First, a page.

“I remember going through those North Korean towns. A lot of people would disappear. I remember walking down the streets looking for snipers and tripwires, waiting for a bullet to enter your body from the top of a building or something,” he said.
Things changed when China intervened. The march north was halted. Rather than abandoned towns, U.S. forces found themselves in harsh terrain overwhelmed by the enemy.
“I remember sitting on the frozen turf of a North Korean battlefield holding this soldier in my arms – he had been shot in the stomach, his blood and guts running through my fingers – until he died,” Parker said. “People who knew me thought I would immediately want to go out and kill as many of the enemy as I could. All that happened was I felt this real sad feeling.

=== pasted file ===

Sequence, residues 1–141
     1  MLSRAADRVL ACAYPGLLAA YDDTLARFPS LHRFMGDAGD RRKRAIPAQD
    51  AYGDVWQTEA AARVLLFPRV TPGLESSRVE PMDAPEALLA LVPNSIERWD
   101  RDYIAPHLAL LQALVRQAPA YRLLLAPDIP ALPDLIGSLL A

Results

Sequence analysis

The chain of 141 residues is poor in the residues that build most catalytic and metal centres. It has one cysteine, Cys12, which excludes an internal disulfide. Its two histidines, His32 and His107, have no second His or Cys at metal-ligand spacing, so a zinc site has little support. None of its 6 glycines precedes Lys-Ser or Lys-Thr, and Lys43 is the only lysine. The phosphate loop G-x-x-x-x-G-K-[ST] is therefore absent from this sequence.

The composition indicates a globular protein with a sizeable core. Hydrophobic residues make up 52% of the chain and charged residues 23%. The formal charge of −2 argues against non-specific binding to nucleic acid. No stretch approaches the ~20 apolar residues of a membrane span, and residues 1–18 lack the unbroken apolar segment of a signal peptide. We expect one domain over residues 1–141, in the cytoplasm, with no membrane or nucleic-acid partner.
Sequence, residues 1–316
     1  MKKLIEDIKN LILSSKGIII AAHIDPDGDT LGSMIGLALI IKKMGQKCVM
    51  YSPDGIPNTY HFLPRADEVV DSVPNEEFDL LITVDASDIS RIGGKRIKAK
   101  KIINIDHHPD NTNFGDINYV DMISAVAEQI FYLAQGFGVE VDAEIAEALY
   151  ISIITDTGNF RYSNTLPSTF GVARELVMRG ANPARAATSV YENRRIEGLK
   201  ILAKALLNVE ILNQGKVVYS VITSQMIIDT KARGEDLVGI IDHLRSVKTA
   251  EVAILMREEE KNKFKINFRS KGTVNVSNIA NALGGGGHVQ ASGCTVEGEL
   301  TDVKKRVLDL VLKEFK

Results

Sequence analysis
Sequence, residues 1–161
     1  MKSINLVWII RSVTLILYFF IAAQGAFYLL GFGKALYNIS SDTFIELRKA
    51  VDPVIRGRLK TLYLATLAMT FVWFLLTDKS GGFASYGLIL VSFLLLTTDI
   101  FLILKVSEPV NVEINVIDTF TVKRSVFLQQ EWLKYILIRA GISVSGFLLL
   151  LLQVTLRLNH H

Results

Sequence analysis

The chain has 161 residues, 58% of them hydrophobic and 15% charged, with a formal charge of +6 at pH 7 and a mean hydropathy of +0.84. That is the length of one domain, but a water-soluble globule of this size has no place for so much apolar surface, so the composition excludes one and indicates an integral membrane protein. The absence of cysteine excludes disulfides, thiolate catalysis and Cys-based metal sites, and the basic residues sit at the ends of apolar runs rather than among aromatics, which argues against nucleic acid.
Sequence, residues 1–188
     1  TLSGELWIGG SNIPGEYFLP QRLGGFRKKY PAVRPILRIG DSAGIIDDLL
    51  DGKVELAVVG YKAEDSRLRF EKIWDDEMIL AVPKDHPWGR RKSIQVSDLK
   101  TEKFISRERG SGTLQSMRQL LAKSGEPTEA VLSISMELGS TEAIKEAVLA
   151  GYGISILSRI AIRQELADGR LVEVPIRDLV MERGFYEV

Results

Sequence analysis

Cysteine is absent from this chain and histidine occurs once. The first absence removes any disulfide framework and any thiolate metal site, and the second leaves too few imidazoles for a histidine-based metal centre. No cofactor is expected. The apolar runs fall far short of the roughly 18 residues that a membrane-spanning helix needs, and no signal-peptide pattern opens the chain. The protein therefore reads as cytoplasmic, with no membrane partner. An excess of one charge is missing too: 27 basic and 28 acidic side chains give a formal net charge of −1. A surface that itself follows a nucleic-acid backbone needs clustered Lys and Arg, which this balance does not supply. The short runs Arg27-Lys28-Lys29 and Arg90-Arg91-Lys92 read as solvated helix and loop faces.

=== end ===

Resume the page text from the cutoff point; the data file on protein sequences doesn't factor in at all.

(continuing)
“I did my duty after that, but that changed me. The war changed me. I never had the same feeling about it,” he said.
Parker and his brothers-in-arms found themselves surrounded by Chinese combatants and cut off by roadblocks.
“One morning, the captain came out and told us to say our prayers and get our affairs in order because we were probably all going to die that day,” Parker said. “It was 58 degrees below zero at night. Guys were freezing. The Chinese Army was within marching distance. They went around and set up roadblocks in the mountains so we couldn’t get out. They were going to overwhelm us, and we knew that.”
American tanks knocked out the roadblocks. Parker and crew made it to the coast and retreated to South Korea. It was from there, Parker said, he was sent back to the U.S. and was stationed in Los Angeles, California.
He would later be honored with the Ambassador for Peace Award of the Republic of South Korea.